BOZO
561564_10151133440689413_392048678_n.jpg

Music

IDLES at Village Underground

 
idles.jpg

Hoffmann


 
 

There are moments in music, sometimes. There are moments.


Moments like these:

When The Velvets exasperated their sound-guys by driving all of their equipment into the red. When Ian Curtis’ spasmodic dancing hypnotised his audience whilst his band’s ethereal noise filled the Factory. When Mark E. Smith (requiescat in pace) snarled his heart-breaking rendition of Garden live at the Hacienda with two drummers. When Slint finished up an ill-attended show with that cover of Young’s Cortez the Killer in Chicago in ‘89. 

Moments. Perhaps you’ve experienced one yourself:

Bands with the frenetic energy of rising success driving their playing, their love of the crowd, before cynicism and weariness turns them into a well-oiled machine. An intimacy that comes when you’re close to something that is happening

IDLES played at the Village Underground in Shoreditch a little while ago. I was there. It was brutal. 

“It’s not the band who’ve grown bigger, it’s you lot.”

This has been quite the year for the band. Twelve months ago they were playing in dive bars to a crowd of ten devotees. Now they’re riding high off the back of their critically-acclaimed debut, Brutalism, an album which snarls with the type of rage that only eight years of Tory rule can gift to art. Joe Talbot’s vocals hearken back to late-70s punk, but put themselves apart with the tightness of their delivery. The record itself is a kind of long-form growl, driven by hypnotic basslines and howling guitars delivered at blistering pace. Its lyrics speak to millennial dissatisfaction and parodies the values of polite society, that kind of raw intellectualism delivered by Crass back when prole art was still a threat. 

“Jah bless the NHS, yes?” 

The band are luminous on stage. Clad all in white, they work together with a clear joy at their star, rising collectively. Talbot, front-centre, is a gifted showman who stands as a focus for the sardonic anger which the band’s music seems to be giving a voice to. Prurient rage, delivered as harsh ironic barbs. A bottle of bucky clutched in his hands, the man’s intensity is complimented by the other lads who are, simply put, having it utterly large.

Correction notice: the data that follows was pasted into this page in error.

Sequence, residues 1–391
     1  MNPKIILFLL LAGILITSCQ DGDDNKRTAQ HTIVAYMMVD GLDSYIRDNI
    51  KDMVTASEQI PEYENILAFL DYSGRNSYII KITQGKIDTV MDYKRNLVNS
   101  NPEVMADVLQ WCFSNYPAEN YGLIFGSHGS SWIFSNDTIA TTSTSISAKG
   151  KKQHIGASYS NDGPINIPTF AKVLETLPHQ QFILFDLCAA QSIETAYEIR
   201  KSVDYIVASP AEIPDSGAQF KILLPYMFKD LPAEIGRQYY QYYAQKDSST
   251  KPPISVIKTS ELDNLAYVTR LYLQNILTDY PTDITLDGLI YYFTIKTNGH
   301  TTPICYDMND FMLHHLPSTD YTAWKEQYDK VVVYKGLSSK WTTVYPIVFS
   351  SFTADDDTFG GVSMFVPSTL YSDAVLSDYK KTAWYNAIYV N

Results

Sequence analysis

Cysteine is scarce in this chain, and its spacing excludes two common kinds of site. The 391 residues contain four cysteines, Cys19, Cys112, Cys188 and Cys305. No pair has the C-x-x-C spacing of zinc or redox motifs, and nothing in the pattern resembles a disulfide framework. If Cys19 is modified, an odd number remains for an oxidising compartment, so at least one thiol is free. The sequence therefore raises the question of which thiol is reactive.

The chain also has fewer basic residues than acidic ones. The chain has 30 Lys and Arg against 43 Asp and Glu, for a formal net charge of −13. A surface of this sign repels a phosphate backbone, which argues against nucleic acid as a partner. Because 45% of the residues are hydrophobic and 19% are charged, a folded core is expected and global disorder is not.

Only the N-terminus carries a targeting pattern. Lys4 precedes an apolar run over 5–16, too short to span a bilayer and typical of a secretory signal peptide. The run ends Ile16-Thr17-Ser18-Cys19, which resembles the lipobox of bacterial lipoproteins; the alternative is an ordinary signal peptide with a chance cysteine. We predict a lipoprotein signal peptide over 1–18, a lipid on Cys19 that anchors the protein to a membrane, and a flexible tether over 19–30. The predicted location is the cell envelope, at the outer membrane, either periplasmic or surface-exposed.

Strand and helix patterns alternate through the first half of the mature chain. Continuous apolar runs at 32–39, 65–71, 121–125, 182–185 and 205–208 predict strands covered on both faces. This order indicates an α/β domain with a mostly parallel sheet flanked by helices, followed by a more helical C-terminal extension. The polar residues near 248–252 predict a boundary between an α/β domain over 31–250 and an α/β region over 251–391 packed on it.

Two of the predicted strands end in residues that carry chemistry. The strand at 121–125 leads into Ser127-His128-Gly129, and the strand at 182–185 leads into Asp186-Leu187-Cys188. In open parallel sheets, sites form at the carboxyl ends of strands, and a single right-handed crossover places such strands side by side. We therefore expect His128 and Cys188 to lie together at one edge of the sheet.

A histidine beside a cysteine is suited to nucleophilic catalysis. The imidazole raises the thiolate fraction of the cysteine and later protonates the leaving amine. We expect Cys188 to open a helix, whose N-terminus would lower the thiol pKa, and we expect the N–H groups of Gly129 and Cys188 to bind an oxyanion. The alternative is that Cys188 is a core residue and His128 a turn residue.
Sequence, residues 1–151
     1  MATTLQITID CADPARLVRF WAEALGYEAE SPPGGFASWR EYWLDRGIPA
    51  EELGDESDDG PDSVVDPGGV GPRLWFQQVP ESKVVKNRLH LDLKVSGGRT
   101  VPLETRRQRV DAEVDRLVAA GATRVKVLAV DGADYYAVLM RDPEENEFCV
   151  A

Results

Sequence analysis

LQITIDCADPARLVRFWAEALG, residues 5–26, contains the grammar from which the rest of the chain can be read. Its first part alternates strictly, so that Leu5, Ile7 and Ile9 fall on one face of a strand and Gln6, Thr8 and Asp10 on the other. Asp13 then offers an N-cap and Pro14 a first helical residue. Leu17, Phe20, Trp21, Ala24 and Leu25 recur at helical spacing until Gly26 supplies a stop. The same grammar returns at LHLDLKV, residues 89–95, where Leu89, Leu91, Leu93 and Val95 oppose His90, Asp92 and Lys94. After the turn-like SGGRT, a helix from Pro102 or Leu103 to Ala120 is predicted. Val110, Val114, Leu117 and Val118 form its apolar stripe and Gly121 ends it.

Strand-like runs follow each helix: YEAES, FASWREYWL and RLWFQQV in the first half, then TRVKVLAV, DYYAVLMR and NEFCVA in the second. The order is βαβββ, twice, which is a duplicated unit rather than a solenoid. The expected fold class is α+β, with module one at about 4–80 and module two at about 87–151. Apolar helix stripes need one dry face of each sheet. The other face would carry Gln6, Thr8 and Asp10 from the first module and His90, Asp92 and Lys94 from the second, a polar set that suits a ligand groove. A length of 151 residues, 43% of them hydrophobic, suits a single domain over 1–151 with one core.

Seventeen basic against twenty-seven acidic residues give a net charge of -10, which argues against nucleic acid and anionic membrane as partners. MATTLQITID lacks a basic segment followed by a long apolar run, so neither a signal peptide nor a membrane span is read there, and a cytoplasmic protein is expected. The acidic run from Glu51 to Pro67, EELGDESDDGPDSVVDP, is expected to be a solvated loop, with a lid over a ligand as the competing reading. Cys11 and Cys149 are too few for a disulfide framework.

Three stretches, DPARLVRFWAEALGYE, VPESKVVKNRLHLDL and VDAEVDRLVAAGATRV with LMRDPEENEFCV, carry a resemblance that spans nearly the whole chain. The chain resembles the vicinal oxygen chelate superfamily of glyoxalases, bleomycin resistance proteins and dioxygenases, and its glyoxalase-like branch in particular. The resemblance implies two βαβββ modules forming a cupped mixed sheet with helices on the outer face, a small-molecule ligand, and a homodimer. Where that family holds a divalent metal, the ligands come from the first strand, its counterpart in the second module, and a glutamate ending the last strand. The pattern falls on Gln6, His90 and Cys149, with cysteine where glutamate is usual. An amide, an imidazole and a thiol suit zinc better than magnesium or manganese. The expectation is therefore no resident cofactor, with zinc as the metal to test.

“We’re all gay in here, yeah? Good. Glad we got that out there."

They prance hypnotically to the rhythm, as-if eternally in the moment. The guitarist with the ‘tache (sorry mate. I’m too ineffectual to verify what your name is, but I’m sure you’ll agree that the photo I got of you is fantastic) seems to particularly relish his moment, yanking his mic out of its stand and thrusting it into the hands of the rapidly expanding cult of followers who bark Talbot’s lyrics with the devotion of a fanbase that has found itself. He throws himself into the crowd with abandon, his face contorting into features varyingly ecstatic and wryly amused.   

 
 

Barely two minutes into the set the crowd was already beginning to heave. By the time ‘Mother’ is dropped the pit is in full effect, bodies passing over my head and falling under my feet. From where I am it’s impossible to avoid, and it’s glorious. No one is being a dick, thank Christ. I feel like I’m surrounded by old friends. Strangers embrace and pogo like nutters. In the corner, an old crusty (as a friend put it: ‘sitting dormant in an armchair for twenty years, awaiting the return of punk’) is helping some fella find a lost wallet.   

“This is a song about depression. Sharing is caring, talk to someone: it might save your life.” 

Talbot departs the stage at the last number, leaving the band to build the crowd up into a frenzy. White noise fills the hall as the remaining members of the band throw themselves into the crowd, who receive them on their shoulders. As the lights come up, they fraternize with the fans, the drummer heroically manning the merch stand, still conducting himself like a small-time musician in the back of some dingy Bristolian music pub. It was lovely.  

That was a moment, alright. Between fame and obscurity. Before the frenzy of the road wears you down, or the critical mass of success makes such intimacy an old memory.

 

IDLES were sublime, if you hadn’t figured. I’d tell you to go see them, but they’ve probably already sold out.